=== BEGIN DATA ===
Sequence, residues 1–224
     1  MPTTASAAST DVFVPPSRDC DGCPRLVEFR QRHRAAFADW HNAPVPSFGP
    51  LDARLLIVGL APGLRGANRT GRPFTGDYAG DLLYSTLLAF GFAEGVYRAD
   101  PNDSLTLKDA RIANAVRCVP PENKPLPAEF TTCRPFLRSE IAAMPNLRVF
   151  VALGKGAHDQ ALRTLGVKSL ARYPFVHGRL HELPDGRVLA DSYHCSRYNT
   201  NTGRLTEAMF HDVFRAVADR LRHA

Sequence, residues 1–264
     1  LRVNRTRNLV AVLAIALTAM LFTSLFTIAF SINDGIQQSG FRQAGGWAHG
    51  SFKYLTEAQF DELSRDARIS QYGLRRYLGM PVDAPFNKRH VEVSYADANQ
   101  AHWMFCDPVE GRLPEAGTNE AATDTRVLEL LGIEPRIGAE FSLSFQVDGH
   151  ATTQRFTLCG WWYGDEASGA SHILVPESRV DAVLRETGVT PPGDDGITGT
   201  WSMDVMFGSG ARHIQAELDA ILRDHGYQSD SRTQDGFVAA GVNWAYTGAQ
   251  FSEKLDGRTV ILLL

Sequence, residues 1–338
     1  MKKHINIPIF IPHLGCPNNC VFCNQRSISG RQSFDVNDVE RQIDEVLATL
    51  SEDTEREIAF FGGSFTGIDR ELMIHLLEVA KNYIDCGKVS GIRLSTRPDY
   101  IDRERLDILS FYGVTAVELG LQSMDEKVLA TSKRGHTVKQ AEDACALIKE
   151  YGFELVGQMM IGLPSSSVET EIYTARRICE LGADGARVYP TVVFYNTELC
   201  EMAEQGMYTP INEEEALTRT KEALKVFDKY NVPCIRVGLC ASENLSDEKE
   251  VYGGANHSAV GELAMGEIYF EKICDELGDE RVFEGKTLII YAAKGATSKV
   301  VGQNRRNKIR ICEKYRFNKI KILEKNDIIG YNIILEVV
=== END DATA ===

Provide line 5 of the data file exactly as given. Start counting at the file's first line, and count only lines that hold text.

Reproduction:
   151  VALGKGAHDQ ALRTLGVKSL ARYPFVHGRL HELPDGRVLA DSYHCSRYNT